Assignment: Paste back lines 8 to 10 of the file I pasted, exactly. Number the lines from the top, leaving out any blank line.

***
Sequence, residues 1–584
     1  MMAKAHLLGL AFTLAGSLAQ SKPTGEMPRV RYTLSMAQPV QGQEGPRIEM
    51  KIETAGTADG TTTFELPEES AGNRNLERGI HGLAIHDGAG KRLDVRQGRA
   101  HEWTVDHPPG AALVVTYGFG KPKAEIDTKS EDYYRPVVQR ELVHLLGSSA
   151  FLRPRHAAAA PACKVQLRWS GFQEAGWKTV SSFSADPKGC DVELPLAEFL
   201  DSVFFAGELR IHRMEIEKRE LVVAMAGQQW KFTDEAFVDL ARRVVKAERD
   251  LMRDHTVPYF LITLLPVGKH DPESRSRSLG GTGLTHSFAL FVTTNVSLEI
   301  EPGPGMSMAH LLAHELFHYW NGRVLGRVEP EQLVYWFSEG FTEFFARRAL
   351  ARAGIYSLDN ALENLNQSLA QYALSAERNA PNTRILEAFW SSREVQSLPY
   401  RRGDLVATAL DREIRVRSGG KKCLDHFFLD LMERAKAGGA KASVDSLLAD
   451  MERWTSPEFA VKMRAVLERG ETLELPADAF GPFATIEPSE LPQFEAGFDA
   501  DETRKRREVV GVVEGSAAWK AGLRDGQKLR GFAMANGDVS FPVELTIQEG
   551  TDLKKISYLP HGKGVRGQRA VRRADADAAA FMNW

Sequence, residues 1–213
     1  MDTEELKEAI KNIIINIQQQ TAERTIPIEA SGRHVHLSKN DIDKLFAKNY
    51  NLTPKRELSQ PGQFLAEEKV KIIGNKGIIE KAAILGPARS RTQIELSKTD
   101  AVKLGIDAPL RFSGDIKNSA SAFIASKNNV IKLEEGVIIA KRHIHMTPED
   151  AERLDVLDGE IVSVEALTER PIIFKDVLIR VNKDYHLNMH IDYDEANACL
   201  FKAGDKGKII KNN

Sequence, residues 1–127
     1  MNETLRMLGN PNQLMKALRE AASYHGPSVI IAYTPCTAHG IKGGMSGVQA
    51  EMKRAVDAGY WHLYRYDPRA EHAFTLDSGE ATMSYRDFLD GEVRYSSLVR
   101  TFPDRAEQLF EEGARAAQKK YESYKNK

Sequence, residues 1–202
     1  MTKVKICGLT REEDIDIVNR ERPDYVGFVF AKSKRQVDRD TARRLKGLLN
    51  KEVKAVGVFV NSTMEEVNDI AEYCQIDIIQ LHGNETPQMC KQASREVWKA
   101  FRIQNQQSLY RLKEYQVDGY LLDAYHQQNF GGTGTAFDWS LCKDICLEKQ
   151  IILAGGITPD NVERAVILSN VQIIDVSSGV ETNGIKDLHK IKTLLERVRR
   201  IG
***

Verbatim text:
   301  EPGPGMSMAH LLAHELFHYW NGRVLGRVEP EQLVYWFSEG FTEFFARRAL
   351  ARAGIYSLDN ALENLNQSLA QYALSAERNA PNTRILEAFW SSREVQSLPY
   401  RRGDLVATAL DREIRVRSGG KKCLDHFFLD LMERAKAGGA KASVDSLLAD